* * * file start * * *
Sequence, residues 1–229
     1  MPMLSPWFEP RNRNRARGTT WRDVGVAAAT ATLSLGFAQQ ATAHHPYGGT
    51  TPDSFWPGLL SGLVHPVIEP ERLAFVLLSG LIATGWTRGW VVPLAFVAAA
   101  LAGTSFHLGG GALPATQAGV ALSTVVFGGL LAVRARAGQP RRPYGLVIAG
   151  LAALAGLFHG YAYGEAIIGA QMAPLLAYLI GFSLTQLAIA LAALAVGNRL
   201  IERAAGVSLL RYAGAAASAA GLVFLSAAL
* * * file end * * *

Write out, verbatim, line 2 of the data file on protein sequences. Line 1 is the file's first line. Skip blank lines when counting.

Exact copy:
     1  MPMLSPWFEP RNRNRARGTT WRDVGVAAAT ATLSLGFAQQ ATAHHPYGGT